Changes between Version 2 and Version 3 of WikiStart

Jul 27, 2005, 10:08:57 AM (14 years ago)



  • WikiStart

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     1= swapspace: a dynamic swap manager for GNU/Linux =
     3== What it does for you ==
     5This system daemon for the Linux kernel aims to do away with the need for large,
     6fixed swap partitions or swap files.
     8When installing a Linux-based system (invariably GNU/Linux) with ''swapspace'', the usual swap partition can be omitted, or it can be kept quite small.  Whenever ''swapspace'' finds during normal system usage that more virtual memory is needed, it will automatically claim space from the hard disk.  Conversely, swap space that is no longer needed is freed up again for regular use by the filesystem.
     10This means that with ''swapspace'' installed, sizing the system's available swap
     11space during installation is no longer a life-or-death choice.  It now becomes
     12practical to run GNU/Linux off just a single, big partition--with no disk space
     13lost to regrettable installation choices.  The system should also be able to
     14handle the occasional memory-intensive task that takes much more swap space than
     15was originally foreseen, without leaving the same swap space unused and unusable
     16during normal operation as is normally the case.
     18''Swapspace'' is [ free software], made available to you under the [ GNU] [ General Public License] (GPL).
     21== How it compares ==
     23Unlike similar programs such as ''dynswapd'' and the older (and more portable) ''swapd'', ''swapspace'' also adapts the sizes of the swap files it creates to meet demand.  This means it is less dependent on limits that the kernel may impose on the total number of swapfiles, while reducing the need for manual configuration.  If the daemon finds that more and more swap files are needed, it will start creating larger ones to anticipate demand.  While demand for swap files is modest, it will stick to smaller ones that can be initialized more quickly and so respond more fluently to present requirements.
     25Robustness and user-friendliness are the first priorities in developing this
     26program.  For example, all alternatives we looked at perversely needed to
     27allocate multiple chunks of memory in dealing with low-memory situations;
     28allocation failure would typically crash these programs.  It turned out that
     29none of these allocations were really necessary, and ''swapspace'' manages to avoid them categorically.  This kills two birds with one stone when it comes to
     30reliability: (i) the program doesn't ask for memory just when the least memory
     31is available and (ii) it eliminates one of the most important causes of
     32programming bugs as a risk factor.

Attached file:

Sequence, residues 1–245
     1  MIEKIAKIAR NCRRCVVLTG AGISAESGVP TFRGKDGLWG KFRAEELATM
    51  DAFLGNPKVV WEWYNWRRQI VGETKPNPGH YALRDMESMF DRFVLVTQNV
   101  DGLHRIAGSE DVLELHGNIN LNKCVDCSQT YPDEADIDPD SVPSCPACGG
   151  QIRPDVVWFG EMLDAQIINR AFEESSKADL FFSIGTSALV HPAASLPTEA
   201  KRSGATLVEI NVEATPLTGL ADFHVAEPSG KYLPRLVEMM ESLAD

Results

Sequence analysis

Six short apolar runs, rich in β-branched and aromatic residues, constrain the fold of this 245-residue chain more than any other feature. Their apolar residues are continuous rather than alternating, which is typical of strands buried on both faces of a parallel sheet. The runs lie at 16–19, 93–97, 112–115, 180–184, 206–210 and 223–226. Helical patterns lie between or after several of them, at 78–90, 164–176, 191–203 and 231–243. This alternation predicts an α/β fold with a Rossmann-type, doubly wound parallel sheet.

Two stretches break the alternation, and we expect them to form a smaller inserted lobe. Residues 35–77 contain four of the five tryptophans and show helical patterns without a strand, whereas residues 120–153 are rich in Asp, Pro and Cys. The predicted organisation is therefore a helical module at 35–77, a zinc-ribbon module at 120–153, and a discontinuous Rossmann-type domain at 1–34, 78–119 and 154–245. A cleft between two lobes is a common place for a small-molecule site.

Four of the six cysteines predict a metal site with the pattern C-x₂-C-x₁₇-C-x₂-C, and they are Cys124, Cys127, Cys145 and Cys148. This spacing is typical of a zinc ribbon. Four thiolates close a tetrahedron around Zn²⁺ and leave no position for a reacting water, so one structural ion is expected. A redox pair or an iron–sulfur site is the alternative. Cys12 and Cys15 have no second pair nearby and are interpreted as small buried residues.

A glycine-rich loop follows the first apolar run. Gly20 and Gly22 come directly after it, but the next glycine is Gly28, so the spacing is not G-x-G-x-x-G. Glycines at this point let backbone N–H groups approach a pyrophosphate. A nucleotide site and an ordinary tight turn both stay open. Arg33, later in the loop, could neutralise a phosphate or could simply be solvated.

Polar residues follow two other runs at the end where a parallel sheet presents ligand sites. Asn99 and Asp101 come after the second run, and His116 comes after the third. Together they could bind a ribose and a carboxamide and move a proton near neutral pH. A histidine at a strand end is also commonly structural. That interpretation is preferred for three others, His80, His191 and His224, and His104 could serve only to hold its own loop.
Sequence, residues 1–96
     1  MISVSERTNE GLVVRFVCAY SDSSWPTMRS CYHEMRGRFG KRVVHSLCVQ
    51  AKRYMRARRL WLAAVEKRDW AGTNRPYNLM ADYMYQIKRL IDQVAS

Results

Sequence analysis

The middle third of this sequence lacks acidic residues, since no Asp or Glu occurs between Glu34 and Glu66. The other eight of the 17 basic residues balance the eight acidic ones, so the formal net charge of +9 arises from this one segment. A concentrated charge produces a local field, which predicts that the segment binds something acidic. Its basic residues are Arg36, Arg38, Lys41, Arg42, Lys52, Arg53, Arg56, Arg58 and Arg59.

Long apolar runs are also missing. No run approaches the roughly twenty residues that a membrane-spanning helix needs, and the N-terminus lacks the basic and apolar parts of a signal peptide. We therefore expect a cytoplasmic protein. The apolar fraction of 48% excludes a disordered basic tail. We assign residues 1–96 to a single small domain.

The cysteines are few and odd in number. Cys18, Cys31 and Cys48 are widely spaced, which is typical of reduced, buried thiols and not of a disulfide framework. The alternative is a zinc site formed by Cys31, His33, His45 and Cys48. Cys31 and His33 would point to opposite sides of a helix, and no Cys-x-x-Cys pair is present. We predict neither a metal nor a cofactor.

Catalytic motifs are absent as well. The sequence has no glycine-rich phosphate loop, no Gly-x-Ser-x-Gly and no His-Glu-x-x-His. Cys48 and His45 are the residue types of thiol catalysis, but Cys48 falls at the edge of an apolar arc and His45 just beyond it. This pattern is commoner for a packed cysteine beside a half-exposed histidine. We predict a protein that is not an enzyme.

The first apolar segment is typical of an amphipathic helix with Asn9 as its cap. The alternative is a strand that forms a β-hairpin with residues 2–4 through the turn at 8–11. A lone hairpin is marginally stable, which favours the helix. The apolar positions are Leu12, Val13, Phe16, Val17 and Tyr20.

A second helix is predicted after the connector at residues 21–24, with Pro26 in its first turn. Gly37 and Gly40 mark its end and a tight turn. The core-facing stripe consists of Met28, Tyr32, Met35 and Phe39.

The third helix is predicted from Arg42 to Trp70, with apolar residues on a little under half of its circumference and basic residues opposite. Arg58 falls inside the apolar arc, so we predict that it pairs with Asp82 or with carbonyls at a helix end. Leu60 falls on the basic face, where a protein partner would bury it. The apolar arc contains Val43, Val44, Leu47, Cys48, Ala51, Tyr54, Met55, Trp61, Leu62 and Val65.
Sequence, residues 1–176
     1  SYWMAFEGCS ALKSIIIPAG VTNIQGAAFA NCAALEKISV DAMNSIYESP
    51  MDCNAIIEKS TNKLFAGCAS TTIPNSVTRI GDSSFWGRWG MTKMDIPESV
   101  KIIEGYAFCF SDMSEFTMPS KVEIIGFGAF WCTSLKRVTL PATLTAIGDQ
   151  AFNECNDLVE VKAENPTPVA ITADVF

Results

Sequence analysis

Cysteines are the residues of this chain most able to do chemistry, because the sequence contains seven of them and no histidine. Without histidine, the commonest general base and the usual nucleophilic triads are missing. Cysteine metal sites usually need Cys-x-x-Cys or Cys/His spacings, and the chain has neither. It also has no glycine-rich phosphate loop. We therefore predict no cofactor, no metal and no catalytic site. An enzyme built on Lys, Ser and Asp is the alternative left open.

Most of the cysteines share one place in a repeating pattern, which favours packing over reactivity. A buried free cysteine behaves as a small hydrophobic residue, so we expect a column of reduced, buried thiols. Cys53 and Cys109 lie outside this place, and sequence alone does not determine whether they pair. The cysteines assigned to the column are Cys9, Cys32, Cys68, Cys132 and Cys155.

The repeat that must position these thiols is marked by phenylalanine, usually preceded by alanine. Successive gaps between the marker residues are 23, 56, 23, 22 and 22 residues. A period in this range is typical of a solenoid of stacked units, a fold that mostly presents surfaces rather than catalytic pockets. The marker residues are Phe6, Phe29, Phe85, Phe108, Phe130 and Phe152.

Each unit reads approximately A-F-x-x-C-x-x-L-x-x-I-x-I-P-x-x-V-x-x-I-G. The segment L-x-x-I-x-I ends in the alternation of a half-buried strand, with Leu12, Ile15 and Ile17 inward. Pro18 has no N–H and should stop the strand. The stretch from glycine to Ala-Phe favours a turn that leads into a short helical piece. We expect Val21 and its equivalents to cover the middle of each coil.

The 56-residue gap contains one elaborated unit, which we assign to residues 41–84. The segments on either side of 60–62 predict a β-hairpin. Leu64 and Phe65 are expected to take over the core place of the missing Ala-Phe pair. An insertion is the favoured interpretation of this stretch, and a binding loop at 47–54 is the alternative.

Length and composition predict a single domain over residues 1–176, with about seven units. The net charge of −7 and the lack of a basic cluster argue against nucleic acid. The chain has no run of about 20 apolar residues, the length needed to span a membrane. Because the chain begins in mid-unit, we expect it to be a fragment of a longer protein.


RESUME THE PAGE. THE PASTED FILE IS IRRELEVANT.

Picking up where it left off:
34User-friendliness primarily means that no silly questions are asked of the user.
     35The daemon tries to be sensible and figure out what is needed at runtime, by
     36itself, and without user intervention.  You should not have any need to learn
     37about the configuration parameters, or tweak them.  They exist mostly for
     38development purposes.
     40The swapspace daemon has been in production use for several months on various
     4132-bit architectures before it was first released to the public, and has been
     42tested with swapfiles larger than can be addressed in 32 bits.  Some statistics
     43for one test on a 32-bit PC with 1 gigabyte of memory:
     45        Number of swapfiles     25
     46        Largest swapfile        5.6 GB
     47        Total swap allocated    44 GB
     49In other words, applications on this 1 GB desktop computer took up a whopping
     50(by 2005 standards) 44 GB of memory space without falling over.  They weren't
     51very fast, of course, having to swap so much; but they did keep running.
     53After this point, when we tried to use up even more memory, the hard disk filled
     54up with swap files so no more could be allocated.  The program has provisions to
     55deal with this case robustly and fairly gracefully.  It does not like to leave
     56you with a 100% full disk with no room to save your data.  After we closed some
     57of the running applications, swapspace started steadily decommissioning swap
     58files before settling in a more realistic state.
     60Swapspace itself is a small program: about 50 kilobytes on my system--or even
     61less in a special version that only accepts the most basic configuration options
     62and ignores its configuration file.  On top of that it allocates no memory at
     63runtime (although the system will allocate some, of course) and does not use
     64much stack space.
     67== When not to use it ==
     69In its current form, swapspace is probably not a good choice for systems that
     70need to remain responsive at all times; depending on the system and the
     71cicrumstances, the creation a large new swapfile can take as long as half a
     72minute and occupy quite a lot of the system's attention.  The program minimizes